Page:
Annual eye exams are a crucial part of health care for people with diabetes. Changes in the eye due to diabetes can be detected during an eye exam, and are often the first indication that a person may have the disease, or that a person with diabetes does not have adequate blood sugar control. Annual eye exams with can help identify retinopathy as early as possible, so treatment can minimize damage.
Stable blood sugar reduces the risk of developing diabetic retinopathy, so it is important to monitor and maintain control of your diabetes. See your physician regularly and follow instructions about diet, exercise and medication.
People with diabetes should have annual eye exams, unless it has been recommended to have more frequent evaluations.

Treatment
In the early stages, diabetic retinopathy is monitored through eye health examinations. As the disease progresses it may be treated with injections of anti-VEGF therapy into the eye, laser therapy or vitreoretinal surgery as may be required.
Early detection of diabetic retinopathy is crucial, as treatment is much more likely to be successful at an early stage. Our Doctors can co-manage treatment with an opthamologist or retinal surgeon.
Diabetes is the single largest cause of blindness in Canada.
Diabetic retinopathy occurs when there is a weakening or swelling of the tiny blood vessels inside your eye, resulting in blood leakage, growth of new blood vessels and other changes. If diabetic retinopathy is left untreated,blindness can result. Diabetic retinopathy can affect 23% of people with type 1 and 14 % of people with type 2 diabetes.



Symptoms
In the early stages, retinopathy is often without symptoms, so regular eye exams are the best way to detect changes.
Diabetes and its complications can affect many parts of the eye. Diabetes can cause changes in nearsightedness, farsightedness and premature presbyopia – the inability to focus on close objects. It can result in early cataracts, glaucoma, paralysis of the nerves that control the eye muscles or pupil, and decreased corneal sensitivity. Visual symptoms of diabetes include fluctuating or blurring of vision, occasional double vision, sudden loss of vision, blotches or spots in vision, and flashes and floaters within the eyes.
Prevention
Annual eye exams are a crucial part of health care for people with diabetes. Changes in the eye due to diabetes can be detected during an eye exam, and are often the first indication that a person may have the disease, or that a person with diabetes does not have adequate blood sugar control. Annual eye exams with can help identify retinopathy as early as possible, so treatment can minimize damage.
Stable blood sugar reduces the risk of developing diabetic retinopathy, so it is important to monitor and maintain control of your diabetes. See your physician regularly and follow instructions about diet, exercise and medication.
People with diabetes should have annual eye exams, unless it has been recommended to have more frequent evaluations.

Treatment
In the early stages, diabetic retinopathy is monitored through eye health examinations. As the disease progresses it may be treated with injections of anti-VEGF therapy into the eye, laser therapy or vitreoretinal surgery as may be required.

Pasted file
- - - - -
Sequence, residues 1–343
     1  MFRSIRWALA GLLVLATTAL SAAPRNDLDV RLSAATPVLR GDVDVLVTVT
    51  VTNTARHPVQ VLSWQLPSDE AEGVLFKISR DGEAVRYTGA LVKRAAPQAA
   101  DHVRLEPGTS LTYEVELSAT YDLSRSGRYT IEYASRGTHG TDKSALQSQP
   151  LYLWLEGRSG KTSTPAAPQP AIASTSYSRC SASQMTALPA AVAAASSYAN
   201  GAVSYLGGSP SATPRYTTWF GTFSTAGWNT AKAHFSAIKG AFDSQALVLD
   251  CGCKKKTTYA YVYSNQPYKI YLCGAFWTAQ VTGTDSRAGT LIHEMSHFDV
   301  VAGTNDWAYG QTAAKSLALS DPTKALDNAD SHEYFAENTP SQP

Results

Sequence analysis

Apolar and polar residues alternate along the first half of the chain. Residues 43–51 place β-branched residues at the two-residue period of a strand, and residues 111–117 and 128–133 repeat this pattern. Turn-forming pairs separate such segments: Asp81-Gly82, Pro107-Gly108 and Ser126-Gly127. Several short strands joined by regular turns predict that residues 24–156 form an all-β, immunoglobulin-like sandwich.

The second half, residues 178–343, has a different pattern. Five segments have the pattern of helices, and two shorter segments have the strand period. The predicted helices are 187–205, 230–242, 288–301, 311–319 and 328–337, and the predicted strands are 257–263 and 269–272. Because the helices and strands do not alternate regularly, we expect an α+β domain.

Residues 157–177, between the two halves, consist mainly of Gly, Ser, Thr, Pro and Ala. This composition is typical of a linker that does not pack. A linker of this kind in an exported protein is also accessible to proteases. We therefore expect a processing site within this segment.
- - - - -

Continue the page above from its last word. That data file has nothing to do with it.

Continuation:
Early detection of diabetic retinopathy is crucial, as treatment is much more likely to be successful at an early stage. Our Doctors can co-manage treatment with an opthamologist or retinal surgeon.
Age-Related macular degeneration (AMD) affects the macula – the central most part of the retina responsible for detailed central vision. The macula is used for reading, driving and recognizing people’s faces. Macular degeneration causes the center of your vision to blur or distort while the side or peripheral vision remains unaffected. It is generally related to the aging process, and is the leading cause of age related blindness in North America in adults over the age of 55. Early detection and preventative measures can delay or reduce vision loss.
There are two types of AMD: dry and wet, with the dry form being more common. Dry AMD results in a more gradual degeneration of the central retinal tissues that make up the macula and symptoms generally develop slowly over time. The wet form is due to a sudden leakage, or bleeding, from weak blood vessels under the macula and symptoms progress rapidly. Wet AMD accounts for approximately 10 per cent of all cases, but the dry form can develop into the wet form over time.
Symptoms
Early macular degeneration is mainly symptom and always pain free but can be detected during routine eye examinations by your Doctor of Optometry. The most common initial symptom is slightly wavy or distorted central vision when performing tasks that require seeing detail. This blurred spot, or sense there is dirt in the way of clear vision, cannot be corrected with eyewear. Over time, the damaged area may increase in size and interfere with reading and recognizing faces.
Treatment
Early detection is crucial as there is currently no cure for AMD. Dry AMD is treated with lifestyle modifications like exercise, wearing sunglasses to reduce UV radiation and stopping smoking. Many cases of wet AMD can be treated with injections of anti-VEGF therapy into the eye to stop the leaking blood vessels. Ocular vitamin supplements including lutein, zeaxanthin, and vitamins C, E and Zinc, can also assist in slowing the early progression of AMD.
Prevention
Lifelong UV protection and good nutrition are believed to play key roles in preventing AMD. Living a healthy lifestyle by keeping your blood pressure down, reducing your intake of fatty foods and not smoking are all recommended. A diet high in antioxidants, such as those found in fruits such as blueberries and leafy vegetables such as spinach and broccoli, may help prevent AMD. Regular eye examinations by your Doctor of Optometry are also important in the early detection of AMD.